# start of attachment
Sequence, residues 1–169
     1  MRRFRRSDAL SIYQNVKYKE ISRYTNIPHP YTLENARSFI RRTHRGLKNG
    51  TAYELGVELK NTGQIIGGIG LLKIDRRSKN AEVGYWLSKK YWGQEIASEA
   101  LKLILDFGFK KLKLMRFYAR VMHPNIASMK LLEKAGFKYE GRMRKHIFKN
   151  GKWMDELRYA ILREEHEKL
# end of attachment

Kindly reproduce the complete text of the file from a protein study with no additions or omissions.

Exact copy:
Sequence, residues 1–169
     1  MRRFRRSDAL SIYQNVKYKE ISRYTNIPHP YTLENARSFI RRTHRGLKNG
    51  TAYELGVELK NTGQIIGGIG LLKIDRRSKN AEVGYWLSKK YWGQEIASEA
   101  LKLILDFGFK KLKLMRFYAR VMHPNIASMK LLEKAGFKYE GRMRKHIFKN
   151  GKWMDELRYA ILREEHEKL